The fish made my heart race, as I saw it for the first time 50 feet in clear water, and I hoped it wouldn’t come loose as I returned it to the boat. The closer it got, the more I knew she was my biggest little one ever, and when Gene finally secured her in the net, I was thrilled to say the least.
Later I added a solid 2-pounder on a hinged Rapala that came out from under a large rock to hit my lure, but that was the only other small mouth caught on the trip.
We rode the east wind the 10 miles to Thompson Bay, floating and fishing as we went, but we were never able to catch another fish. It wasn’t a complete failure, however, as we found some interesting places to fish in the future, explored a new launch pad possibility, and saw a few small waterfalls, which we were sure would produce fish, but they did not. .
When the wind picked up we called it a day, hoping day 3 would be better.
Day 3 19 extended nets and a getaway back to Horseshoe Bay
We woke up our last morning wanting to get the skunk out of the boat quickly, so we headed back to Horseshoe Bay and fished the lily pads again. There were already several boats in the area and two on the platforms, but we tried anyway. And, to our surprise, there were enough hungry largemouth bass to go around.
Gene and I caught 19 largies in an hour and a half on everything from Ned Rig to jerk baits to weedless fished Senkos. We had our fill enough that we once again decided to go looking for smallmouth bass, trying waters we hadn’t corrected yet. We found fish, they were small, but not small. So, our time at Almost Isle being exhausted, we headed back to Horseshoe Bay one last time. And what a great decision it was.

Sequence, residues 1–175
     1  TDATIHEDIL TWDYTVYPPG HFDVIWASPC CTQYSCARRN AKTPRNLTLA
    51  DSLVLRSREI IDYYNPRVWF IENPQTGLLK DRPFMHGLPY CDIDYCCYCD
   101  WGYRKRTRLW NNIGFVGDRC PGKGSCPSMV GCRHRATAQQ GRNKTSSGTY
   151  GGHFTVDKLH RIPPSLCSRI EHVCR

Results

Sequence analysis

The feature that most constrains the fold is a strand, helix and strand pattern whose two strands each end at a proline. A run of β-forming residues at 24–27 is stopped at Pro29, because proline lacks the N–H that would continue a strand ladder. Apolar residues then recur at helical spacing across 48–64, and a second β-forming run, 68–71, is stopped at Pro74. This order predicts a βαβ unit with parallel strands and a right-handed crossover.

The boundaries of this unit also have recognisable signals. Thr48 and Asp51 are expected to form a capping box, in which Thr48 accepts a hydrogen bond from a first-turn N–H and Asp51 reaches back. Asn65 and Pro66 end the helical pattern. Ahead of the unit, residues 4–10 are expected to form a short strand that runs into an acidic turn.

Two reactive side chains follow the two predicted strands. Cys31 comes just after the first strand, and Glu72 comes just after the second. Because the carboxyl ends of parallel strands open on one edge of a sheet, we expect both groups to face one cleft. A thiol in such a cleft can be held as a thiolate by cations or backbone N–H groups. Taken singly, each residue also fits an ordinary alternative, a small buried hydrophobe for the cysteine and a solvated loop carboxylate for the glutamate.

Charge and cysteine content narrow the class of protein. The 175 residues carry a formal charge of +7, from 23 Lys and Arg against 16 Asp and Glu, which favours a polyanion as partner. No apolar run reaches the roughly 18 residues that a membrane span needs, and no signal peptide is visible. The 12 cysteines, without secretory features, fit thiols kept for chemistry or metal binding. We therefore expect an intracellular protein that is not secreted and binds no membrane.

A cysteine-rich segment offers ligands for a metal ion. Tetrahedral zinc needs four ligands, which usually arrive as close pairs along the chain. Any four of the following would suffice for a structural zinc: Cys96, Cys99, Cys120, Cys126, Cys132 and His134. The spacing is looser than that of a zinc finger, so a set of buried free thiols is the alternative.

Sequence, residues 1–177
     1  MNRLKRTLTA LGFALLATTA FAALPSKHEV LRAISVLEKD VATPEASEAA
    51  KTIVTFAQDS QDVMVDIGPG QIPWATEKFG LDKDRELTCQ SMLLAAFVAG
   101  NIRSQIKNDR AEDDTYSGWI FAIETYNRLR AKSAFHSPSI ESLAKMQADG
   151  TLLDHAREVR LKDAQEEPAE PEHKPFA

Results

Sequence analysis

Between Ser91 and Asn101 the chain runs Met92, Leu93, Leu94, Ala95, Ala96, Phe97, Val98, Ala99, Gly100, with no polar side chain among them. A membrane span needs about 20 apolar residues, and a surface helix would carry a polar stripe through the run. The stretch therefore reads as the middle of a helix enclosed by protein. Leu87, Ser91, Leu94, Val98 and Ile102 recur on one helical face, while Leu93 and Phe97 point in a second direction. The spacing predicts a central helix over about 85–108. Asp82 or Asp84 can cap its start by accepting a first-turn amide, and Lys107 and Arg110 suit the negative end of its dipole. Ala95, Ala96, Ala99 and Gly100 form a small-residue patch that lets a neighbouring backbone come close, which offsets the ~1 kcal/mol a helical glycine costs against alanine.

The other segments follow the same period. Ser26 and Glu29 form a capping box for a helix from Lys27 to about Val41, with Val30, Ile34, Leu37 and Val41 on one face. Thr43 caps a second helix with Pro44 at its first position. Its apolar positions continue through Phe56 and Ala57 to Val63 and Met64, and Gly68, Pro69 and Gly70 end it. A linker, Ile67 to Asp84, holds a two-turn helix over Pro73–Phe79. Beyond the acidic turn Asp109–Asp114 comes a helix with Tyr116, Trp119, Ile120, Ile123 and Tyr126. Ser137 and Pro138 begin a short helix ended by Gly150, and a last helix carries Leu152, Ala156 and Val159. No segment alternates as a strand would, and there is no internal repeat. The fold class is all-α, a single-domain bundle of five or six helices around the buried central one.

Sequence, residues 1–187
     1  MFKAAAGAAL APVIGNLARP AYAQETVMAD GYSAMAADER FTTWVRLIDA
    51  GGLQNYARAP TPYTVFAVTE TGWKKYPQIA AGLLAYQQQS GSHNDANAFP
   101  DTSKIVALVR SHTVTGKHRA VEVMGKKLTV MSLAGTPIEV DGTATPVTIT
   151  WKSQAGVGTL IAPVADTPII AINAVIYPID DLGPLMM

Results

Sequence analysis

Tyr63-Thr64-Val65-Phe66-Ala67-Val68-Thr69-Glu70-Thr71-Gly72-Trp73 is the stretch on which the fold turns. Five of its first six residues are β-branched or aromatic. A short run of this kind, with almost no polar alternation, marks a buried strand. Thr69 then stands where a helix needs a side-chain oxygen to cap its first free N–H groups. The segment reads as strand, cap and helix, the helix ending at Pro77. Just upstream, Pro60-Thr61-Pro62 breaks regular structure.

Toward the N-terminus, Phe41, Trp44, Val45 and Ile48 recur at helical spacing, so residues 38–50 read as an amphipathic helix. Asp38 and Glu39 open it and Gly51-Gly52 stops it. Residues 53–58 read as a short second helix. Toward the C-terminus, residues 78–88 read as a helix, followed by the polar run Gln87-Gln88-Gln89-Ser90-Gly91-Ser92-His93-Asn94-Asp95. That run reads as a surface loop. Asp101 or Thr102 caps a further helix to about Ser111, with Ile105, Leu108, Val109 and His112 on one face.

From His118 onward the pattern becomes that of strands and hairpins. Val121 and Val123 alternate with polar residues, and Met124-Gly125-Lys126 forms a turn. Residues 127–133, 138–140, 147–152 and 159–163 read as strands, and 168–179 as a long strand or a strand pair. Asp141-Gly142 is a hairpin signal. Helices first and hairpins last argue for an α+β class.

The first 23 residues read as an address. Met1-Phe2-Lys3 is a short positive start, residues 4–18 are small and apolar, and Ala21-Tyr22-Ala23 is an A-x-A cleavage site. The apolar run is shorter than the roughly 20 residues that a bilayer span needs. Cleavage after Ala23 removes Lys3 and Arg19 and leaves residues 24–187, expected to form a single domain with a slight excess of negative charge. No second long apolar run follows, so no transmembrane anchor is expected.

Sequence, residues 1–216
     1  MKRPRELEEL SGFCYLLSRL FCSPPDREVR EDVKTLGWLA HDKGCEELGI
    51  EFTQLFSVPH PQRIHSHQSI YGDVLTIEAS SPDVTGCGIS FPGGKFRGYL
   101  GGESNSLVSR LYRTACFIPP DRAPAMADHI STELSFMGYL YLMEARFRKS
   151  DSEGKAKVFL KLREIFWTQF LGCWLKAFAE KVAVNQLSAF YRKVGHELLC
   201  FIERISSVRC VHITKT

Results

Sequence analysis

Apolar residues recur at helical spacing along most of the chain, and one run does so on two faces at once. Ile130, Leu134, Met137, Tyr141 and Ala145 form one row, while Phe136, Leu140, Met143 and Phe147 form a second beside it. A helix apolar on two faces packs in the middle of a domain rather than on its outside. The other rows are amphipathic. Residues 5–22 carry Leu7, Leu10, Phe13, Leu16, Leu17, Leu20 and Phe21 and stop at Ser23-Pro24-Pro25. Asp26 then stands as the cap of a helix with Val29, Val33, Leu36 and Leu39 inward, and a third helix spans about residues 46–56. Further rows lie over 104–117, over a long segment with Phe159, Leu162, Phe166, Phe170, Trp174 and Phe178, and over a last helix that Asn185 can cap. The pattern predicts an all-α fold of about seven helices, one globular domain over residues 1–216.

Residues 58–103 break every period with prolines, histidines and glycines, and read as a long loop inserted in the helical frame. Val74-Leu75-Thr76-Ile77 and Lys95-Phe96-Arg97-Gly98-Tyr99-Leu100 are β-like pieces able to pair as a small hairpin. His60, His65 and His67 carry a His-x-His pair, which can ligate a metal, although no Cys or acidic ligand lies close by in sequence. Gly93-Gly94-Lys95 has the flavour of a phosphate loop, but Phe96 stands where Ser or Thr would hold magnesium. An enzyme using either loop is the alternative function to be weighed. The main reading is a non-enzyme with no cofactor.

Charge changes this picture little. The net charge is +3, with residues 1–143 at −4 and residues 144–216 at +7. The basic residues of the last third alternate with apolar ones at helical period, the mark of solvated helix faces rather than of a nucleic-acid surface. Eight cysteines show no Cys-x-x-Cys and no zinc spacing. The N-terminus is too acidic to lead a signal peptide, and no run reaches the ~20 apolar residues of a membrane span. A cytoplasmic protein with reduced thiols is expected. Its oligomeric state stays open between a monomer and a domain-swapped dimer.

Instead of going to the set of lily pads that had treated us so well twice before, we dived into a small cove on the north side of Horsehoe Bay, probably only 100 feet away. This is one of those places that gets overlooked because it’s only 2 feet deep. But, there were weeds and wood, and it was LOADED with bass.
In just over an hour, just sitting in the middle of what was literally a small pond that we could cast over each section without moving, Gene and I caught about 30 largemouth bass. Most weighed a pound to a pound and a half, but some weighed more than two pounds. And they were hungry.
Because of the weeds and wood, I went with a weedless swim bait, either a 4-inch Runcl Paddle Tail or a 3.8-inch Googan Squad Saucy Swimmer, and just hammered the fish. The explosions on the surface of the water were so fun, even when I wasn’t logging in, it was a thrill to watch the fish attack.
Gene and I ended the day catching 57 largemouth bass, relieving our pain of only two small ones for the trip.
Largemouth bass like warm temperatures
So why were the largemouth bass in Horseshoe Bay so thick? The water temperature.
On the main lake we found surface water temperatures as low as 47 degrees, and at Thompson Bay (my favorite place to fish for little ones) 52-55 degrees. It seemed like the perfect temperature for the bronzebacks, but for some reason they weren’t there.
At Horseshoe Bay, however, in the 2 feet of water where we ended the fishing trip, the water was 66 degrees and the big mouth was looking for places to spawn.
So while smallmouth fishing was disappointing, Almost Isle has once again proven that if you’re willing to adapt, you can almost always grab a hot bite.
Outside Correspondent Art Holden can be reached at firstname.lastname@example.org.